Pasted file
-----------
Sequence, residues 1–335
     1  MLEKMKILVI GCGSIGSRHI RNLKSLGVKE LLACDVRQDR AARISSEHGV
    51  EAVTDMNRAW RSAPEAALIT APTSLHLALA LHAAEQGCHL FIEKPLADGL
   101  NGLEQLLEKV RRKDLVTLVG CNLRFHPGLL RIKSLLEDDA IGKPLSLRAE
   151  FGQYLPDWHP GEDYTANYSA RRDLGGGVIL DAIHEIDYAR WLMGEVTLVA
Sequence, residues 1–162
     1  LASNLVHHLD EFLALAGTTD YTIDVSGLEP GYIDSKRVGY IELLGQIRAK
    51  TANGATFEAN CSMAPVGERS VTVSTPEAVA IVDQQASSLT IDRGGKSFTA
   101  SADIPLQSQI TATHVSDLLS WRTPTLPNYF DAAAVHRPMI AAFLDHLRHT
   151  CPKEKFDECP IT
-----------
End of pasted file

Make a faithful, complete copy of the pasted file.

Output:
Sequence, residues 1–335
     1  MLEKMKILVI GCGSIGSRHI RNLKSLGVKE LLACDVRQDR AARISSEHGV
    51  EAVTDMNRAW RSAPEAALIT APTSLHLALA LHAAEQGCHL FIEKPLADGL
   101  NGLEQLLEKV RRKDLVTLVG CNLRFHPGLL RIKSLLEDDA IGKPLSLRAE
   151  FGQYLPDWHP GEDYTANYSA RRDLGGGVIL DAIHEIDYAR WLMGEVTLVA
Sequence, residues 1–162
     1  LASNLVHHLD EFLALAGTTD YTIDVSGLEP GYIDSKRVGY IELLGQIRAK
    51  TANGATFEAN CSMAPVGERS VTVSTPEAVA IVDQQASSLT IDRGGKSFTA
   101  SADIPLQSQI TATHVSDLLS WRTPTLPNYF DAAAVHRPMI AAFLDHLRHT
   151  CPKEKFDECP IT